Zone 4 – Themes exercise

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Now, just before you attempt to sort out your themes, print out the following section, and take it to a comfortable place to read and mull over.

a72This exercise, around a story which most people are familiar with, is designed to encourage your themes to emerge!

At the end of the exercise you will be asked “how do you feel?”  So try and imagine yourself in the story.  There are no correct responses–we have found that there is a wonderful variety in people’s reactions to the same story.  Despite this variety of emotional reaction, it seems that people across the world in all classes, races and cultures share certain types of themes in common.  Many of these themes have to do with belonging, being loved (or not loved), purpose and meaning, and life and death.

Artists, authors and poets often explore these themes, and we find their creations transcend cultural and language barriers. Myths, fairy stories and heroic tales (both true and imaginary) of love, hate, war and peace fascinate us all, and we can usually find ourselves somewhere in them if we care to look below the surface.

We will now describe for you one primitive scene, a scene from the Christian tradition.  We could choose many other scenes, myths or legends, from many other cultural or religious traditions. The point is how you yourself feel as you insert yourself into the drama.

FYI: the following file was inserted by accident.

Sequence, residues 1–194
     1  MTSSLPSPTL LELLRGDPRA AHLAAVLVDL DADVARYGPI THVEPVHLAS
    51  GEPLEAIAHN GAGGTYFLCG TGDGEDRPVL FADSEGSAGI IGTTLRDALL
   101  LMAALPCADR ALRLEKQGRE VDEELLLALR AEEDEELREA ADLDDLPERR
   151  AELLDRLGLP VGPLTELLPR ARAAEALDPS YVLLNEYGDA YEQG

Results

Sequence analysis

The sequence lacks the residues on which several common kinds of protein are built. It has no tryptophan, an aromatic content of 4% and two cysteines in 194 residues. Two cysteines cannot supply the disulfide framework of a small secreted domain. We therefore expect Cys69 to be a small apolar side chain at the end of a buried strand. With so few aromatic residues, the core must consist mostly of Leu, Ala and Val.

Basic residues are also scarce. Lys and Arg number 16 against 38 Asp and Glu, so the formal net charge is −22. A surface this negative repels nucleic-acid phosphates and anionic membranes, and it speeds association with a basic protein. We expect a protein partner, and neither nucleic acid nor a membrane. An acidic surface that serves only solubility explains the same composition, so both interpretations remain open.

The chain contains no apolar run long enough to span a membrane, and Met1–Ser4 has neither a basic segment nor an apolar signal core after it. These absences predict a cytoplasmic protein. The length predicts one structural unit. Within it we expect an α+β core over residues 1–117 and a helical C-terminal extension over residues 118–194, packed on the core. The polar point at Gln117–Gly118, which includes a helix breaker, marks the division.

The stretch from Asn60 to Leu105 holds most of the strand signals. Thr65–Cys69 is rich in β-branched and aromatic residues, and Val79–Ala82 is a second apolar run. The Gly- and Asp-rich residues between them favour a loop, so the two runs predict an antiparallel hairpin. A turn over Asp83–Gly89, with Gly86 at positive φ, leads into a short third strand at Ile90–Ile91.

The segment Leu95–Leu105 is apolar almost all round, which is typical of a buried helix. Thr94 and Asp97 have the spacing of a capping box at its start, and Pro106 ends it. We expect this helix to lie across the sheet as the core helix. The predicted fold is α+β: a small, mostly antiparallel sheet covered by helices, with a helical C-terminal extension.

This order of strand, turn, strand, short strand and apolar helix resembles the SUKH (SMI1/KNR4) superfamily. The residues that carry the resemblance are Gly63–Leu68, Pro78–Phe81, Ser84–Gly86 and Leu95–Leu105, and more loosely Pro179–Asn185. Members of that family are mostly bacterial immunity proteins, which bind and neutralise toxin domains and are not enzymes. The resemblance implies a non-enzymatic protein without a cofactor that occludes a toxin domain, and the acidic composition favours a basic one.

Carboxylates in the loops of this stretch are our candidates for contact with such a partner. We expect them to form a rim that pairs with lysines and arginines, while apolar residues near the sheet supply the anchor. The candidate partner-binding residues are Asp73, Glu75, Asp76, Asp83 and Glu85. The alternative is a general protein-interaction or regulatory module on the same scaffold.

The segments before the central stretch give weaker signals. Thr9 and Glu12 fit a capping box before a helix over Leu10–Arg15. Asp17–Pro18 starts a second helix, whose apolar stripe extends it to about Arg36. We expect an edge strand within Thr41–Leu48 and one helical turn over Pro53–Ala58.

Take time on this. Make yourself comfortable.



Let’s go!  Imagine yourself walking around a beautiful garden, filled with tall majestic trees and colourful scented flowers and shrubs.

The grass is green and lush under your bare feet, and you pause for a moment beside a still lake.

The trees, sky and clouds are reflected in the water, and the sun is warm on your face.

Walking beside you is your best friend.

No fear or danger exists in this place–all is well.

You are filled with a sense of being completely safe, and greatly loved.

Suddenly, disaster strikes!


In a rapid sequence of events you are forcefully expelled from the garden. You have some sort of understanding that you made a terribly wrong choice back there inside the garden.  Something to do with trusting or not trusting, and now it is too late.

You are now outside the garden, with no hope of returning.  Imagine yourself sitting against a large rock, your companion beside you, about 200 metres from the garden which is surrounded by a high wall.  There is a gate but it is barred, and guarded by creatures with flashing swords.

You are outside, and there is no way back.

Now put this sheet down.

How do you feel?

What do you feel as you sit under that rock?

Have a look at the list of themes again if you need to.  We find some feel a deep sense of rejection.  Some feel intensely alone, some angry and determined to march off and cope anyway, others blaming of their companion, and so on.  Often people find a mixture of many feelings and themes.

Take plenty of time with this.

It may give you vital clues to your own themes.

Move on when you are ready…